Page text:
Editor's Pick

A cut above

Updated: 2011-03-25 10:14

By Liu Lu (China Daily European Weekly)

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The ancient city of Luoyang is home to a treasure trove of cultural wonders

There is one city in China where artistic, religious and scientific cultures all once thrived like never before. Taoism originated there and the first Buddhist temple was set up in the confines of the city. This special spot is also the hometown of China's most famous inventions including papermaking, printing and the compass. It also was the breeding ground of the nation's most brilliant poets and painters.

A cut above

The Longmen Grottoes are well known for their large numbers of
carvings and their massive scale. Xie Songxin / China Daily

Today, Luoyang still inspires the legions of tourists who visit every year.

Located in the middle reaches of the Yellow River in Central China's Henan province and encircled by mountains and plains, Luoyang occupies an important strategic location.

As one of China's seven ancient capitals, Luoyang was a seat of power for 13 dynasties and is a city with splendid historical and cultural background.

Its long history endows it with rich culture, which is seen in grand palaces, temples and caves.

The city is also well known as the "City of Peony". In spring, many tourists travel to Luoyang to appreciate the beautiful peony flowers.

With 21 State-level heritage sites, Luoyang is now an energetic and charming tourism hub that welcomes guests from all over the world to explore its glorious past. Here are five must-see locations.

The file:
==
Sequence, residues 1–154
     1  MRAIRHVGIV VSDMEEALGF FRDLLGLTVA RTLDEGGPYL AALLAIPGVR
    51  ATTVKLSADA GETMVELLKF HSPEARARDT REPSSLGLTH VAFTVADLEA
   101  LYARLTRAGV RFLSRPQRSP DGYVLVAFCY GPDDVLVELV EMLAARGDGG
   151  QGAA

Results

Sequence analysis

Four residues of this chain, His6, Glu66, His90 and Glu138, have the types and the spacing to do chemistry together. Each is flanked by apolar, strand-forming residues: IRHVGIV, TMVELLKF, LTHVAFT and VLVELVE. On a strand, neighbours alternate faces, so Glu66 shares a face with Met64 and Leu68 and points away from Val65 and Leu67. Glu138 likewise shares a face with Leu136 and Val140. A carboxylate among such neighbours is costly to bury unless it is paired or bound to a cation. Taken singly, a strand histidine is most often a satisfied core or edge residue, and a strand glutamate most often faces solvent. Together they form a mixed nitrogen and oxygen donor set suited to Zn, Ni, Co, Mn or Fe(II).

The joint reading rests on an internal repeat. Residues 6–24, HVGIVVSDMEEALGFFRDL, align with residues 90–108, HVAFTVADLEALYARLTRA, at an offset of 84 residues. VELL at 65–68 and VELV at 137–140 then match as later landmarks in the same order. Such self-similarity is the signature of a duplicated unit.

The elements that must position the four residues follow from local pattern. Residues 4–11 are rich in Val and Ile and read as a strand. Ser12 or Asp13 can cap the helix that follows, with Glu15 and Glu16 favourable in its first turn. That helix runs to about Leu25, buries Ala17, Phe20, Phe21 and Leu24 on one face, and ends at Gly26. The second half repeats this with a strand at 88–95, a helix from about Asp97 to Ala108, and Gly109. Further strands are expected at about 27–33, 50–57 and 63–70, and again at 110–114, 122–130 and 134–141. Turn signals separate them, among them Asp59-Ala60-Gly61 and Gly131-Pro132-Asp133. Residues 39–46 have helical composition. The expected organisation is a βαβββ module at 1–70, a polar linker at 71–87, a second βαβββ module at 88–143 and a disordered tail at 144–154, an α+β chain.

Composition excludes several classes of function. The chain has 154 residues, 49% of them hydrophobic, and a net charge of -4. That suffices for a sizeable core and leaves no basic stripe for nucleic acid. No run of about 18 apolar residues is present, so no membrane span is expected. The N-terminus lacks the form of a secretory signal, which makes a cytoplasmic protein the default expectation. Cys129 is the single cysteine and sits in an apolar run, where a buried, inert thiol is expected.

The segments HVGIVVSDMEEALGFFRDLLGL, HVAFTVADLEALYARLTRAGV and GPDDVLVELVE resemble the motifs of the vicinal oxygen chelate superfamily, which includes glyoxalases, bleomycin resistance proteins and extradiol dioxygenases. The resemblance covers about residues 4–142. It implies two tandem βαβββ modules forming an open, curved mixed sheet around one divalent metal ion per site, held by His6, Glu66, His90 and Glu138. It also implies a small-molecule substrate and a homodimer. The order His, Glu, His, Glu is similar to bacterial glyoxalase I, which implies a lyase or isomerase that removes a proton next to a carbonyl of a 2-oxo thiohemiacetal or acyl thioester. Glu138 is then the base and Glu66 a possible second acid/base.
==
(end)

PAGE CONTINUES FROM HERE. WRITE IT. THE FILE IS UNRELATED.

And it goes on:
1. Longmen Grottoes

In 2000, UNESCO included the Longmen Grottoes in its list of World Heritage sites.

As one of the three most famous grottoes in China, they contain a treasure chest of ancient Buddhist cave art. The carvings in the grottoes are well known for their large numbers, their massive scale, the variety of subjects and the delicate and detailed art work.

Its construction began in AD 493 during the reign of Emperor Xiaowen of the Northern Wei Dynasty (AD 386-534), when the rulers moved their capital to Luoyang.

Construction continued through six successive dynasties spanning more than 400 years.

There are altogether 1,352 caves, 785 niches, and more than 97,000 statues of the Buddha. One third of these cave sculptures were constructed during the Northern Wei Dynasty and two thirds in the Tang Dynasty (AD 618-907), in which this style of stone carving reached its pinnacle of the development. Works created during the Tang were very distinct compared with grottoes created earlier.

The statue of Bodhisattva Vairocana is the biggest Buddhist statue in Longmen Grottoes and is a must-see on this leg of your Louyang adventure.

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